Lateral MOSFETs were fabricated on the Si-face of p-type 4H-SiC epitaxial layers doped at ~1x1016cm-3. Sb was implanted in the channel region with 80 keV at room temperature with dose of 2.5x1013cm-2, which results in a Gaussian profile with a depth of around 30nm below the surface of SiC. This was followed by post-implantation activation annealing at 1650°C using a graphitic carbon cap layer. Next, dry oxidation at 1150°C for 10 hours was performed followed by post-oxidation annealing using a planar diffusion source (Techneglas, GS-139) composed of boric oxide (B2O3) in a gas mixture of Ar (50sccm) and O2 (5sccm) at 950°C for 30 mins. Samples that received only boron annealing are referred to as 'BSG only' and samples underwent both Sb counter-doping and boron annealing are referred to as 'Sb+BSG'. Results for these samples are compared with standard NO-annealed devices in Table Ⅰ.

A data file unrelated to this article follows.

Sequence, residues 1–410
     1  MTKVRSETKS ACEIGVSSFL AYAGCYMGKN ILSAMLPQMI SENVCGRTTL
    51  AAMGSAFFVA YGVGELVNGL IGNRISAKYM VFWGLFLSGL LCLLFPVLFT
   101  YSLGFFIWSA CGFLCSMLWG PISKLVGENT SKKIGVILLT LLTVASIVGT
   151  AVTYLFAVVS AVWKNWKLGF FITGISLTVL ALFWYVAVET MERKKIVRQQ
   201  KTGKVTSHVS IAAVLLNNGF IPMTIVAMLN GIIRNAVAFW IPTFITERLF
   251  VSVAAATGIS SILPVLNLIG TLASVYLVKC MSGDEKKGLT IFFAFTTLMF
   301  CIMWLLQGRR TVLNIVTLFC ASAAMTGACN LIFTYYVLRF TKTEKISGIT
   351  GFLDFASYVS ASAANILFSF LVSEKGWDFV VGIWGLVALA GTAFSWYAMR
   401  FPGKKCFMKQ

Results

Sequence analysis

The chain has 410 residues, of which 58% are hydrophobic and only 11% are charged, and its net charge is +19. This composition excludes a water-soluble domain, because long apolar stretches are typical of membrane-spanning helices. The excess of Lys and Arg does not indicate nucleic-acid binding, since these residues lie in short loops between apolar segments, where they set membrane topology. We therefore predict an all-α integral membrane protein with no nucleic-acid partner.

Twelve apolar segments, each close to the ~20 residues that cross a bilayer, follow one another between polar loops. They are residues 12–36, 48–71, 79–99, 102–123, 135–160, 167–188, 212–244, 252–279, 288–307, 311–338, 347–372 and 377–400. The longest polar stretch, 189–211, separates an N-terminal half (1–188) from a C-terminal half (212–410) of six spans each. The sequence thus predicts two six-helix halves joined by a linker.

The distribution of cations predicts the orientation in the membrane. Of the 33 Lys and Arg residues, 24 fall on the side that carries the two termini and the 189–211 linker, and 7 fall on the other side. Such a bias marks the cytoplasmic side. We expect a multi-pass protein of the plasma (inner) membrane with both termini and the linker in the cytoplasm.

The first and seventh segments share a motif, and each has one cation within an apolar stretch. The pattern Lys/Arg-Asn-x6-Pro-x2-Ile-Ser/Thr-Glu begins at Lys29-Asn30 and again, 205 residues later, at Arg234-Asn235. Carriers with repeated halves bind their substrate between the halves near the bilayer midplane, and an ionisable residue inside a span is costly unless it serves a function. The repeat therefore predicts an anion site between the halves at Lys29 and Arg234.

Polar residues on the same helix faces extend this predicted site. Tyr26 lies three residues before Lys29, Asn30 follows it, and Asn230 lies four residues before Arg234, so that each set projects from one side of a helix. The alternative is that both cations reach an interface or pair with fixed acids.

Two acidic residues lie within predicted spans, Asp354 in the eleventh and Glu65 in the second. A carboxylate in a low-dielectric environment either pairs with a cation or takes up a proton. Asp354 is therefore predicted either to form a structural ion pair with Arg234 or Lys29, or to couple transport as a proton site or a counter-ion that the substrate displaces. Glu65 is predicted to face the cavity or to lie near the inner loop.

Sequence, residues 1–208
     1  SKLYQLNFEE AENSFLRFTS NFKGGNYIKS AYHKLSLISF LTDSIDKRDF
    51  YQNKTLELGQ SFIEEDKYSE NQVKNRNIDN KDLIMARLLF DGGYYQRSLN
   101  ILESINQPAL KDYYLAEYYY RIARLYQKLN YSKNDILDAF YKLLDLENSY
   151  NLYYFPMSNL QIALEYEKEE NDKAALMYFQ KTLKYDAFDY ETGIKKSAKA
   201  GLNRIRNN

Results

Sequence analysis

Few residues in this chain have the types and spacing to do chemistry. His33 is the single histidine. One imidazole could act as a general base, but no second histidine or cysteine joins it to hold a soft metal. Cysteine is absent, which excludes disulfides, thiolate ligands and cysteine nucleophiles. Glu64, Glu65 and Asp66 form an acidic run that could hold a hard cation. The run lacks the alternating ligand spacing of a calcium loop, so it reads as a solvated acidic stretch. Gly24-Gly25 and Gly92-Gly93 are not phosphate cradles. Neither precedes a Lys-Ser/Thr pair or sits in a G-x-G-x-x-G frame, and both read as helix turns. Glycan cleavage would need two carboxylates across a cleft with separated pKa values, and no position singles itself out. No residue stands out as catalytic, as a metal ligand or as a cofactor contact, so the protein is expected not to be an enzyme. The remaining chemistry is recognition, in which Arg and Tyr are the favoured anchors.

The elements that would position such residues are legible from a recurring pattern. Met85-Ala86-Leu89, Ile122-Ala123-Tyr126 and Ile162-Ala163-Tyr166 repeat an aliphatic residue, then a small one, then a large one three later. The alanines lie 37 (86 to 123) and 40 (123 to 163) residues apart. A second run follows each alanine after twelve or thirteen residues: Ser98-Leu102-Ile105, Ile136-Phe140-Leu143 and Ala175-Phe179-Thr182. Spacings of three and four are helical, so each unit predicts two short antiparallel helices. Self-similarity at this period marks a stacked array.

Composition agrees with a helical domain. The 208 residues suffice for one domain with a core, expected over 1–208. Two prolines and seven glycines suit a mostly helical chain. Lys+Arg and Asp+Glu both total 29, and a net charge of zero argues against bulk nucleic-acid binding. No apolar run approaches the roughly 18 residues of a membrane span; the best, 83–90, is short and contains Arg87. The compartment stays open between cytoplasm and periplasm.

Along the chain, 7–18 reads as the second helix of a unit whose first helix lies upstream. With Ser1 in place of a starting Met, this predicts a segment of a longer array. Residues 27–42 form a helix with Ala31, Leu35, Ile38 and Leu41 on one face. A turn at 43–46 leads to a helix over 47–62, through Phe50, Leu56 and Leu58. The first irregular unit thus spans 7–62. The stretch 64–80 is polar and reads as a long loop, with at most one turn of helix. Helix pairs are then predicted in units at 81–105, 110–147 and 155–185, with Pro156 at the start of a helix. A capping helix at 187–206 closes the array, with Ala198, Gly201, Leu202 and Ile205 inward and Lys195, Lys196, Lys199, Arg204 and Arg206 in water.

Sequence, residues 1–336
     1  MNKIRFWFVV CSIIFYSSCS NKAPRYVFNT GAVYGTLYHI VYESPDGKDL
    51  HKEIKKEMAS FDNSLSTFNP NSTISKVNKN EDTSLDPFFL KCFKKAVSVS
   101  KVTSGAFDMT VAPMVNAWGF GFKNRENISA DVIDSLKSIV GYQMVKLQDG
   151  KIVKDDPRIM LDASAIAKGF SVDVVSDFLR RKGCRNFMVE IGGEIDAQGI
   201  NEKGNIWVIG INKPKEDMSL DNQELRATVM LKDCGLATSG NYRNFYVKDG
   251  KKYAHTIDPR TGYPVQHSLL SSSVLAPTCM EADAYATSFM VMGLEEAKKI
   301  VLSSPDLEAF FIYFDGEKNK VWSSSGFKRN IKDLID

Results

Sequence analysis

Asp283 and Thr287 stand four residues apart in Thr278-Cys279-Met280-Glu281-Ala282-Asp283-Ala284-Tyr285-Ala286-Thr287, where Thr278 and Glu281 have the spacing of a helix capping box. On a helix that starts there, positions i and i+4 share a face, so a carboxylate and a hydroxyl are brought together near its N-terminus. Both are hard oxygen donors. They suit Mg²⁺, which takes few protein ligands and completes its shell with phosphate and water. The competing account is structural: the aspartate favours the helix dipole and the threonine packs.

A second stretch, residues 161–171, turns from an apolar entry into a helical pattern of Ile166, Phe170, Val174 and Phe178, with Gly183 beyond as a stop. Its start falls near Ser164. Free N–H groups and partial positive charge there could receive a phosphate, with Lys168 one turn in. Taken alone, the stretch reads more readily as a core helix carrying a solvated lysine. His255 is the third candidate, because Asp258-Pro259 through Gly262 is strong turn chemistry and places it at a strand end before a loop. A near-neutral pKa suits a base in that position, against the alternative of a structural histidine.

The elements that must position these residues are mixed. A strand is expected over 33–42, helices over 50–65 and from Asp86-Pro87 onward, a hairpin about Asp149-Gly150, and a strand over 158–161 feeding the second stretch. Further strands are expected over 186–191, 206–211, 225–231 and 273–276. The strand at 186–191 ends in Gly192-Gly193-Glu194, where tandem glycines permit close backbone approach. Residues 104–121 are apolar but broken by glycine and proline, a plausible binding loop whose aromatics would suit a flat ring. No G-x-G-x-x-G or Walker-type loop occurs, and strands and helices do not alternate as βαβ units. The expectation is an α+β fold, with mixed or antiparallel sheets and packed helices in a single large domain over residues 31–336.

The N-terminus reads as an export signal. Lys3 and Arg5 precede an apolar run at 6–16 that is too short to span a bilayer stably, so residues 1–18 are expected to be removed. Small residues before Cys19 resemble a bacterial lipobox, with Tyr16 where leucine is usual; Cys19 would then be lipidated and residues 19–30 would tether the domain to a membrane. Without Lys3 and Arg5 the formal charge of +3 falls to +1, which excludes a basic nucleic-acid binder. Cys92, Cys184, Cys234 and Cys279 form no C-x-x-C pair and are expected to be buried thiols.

The SIMS result in Fig. 1 shows B distributes throughout the oxide with a concentration of ~1x1022cm-3 and decreases as it reaches SiC. Threshold voltage and sub-threshold slope were characterized by Id-Vg measurement at room temperature and field-effect mobility was extracted from the transconductance of Id-Vg curve. Linear and log scale of Id-Vg curves in Fig. 2 and Fig. 3 demonstrate that 'Sb+BSG' tunes the threshold voltage to a more desirable value of ~2V along with a better sub-threshold slope than standard NO annealing. Fig. 4 shows a significant mobility improvement for 'Sb+BSG' at both high field due to the BSG passivation effect and low field due to the Sb counter-doping effect with a peak value of ~180cm2/V∙s compared to 'BSG only' with a peak mobility of ~140cm2/V∙s. In order to investigate the boron passivation effect on interface traps, C-V and constant capacitance deep level transient spectroscopy (CCDLTS) measurements were performed on the companion BSG capacitors. The interface trap density of 'NO' was determined to be ~2.5 times higher than that of 'BSG' for very shallow energy traps (<0.2 eV) from C-V measurements and ~1.5 times higher for the energy trap distributions centered at 0.15 eV and 0.39 eV by CCDLTS, as shown in Figs. 5 and 6. The mechanism of boron passivation has been suggested to be oxide stress relaxation by the reduction of required oxygen bonds due to the occupation of Si site by B . In this presentation, further details of the nature of transport and mobility behavior in BSG gated channels will be presented as a function of temperature.
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